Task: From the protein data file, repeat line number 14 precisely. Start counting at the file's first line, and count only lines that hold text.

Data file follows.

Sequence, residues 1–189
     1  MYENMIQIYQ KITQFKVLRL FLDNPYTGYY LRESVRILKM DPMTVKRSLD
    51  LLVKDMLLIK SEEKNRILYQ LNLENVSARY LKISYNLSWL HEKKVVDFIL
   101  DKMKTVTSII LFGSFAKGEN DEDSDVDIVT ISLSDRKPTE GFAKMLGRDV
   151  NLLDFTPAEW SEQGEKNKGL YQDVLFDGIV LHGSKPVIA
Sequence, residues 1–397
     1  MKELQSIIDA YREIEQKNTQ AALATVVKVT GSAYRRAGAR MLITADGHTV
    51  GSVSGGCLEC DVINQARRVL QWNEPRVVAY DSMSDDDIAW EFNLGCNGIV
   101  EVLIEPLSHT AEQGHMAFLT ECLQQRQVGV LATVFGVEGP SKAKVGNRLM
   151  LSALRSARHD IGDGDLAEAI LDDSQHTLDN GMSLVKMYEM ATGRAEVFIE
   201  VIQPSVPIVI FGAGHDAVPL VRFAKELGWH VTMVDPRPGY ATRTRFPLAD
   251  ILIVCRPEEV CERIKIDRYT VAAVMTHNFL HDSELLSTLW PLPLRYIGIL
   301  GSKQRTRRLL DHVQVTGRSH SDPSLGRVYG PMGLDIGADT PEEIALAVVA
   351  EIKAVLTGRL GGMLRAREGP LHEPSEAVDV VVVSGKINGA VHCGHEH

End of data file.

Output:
   351  EIKAVLTGRL GGMLRAREGP LHEPSEAVDV VVVSGKINGA VHCGHEH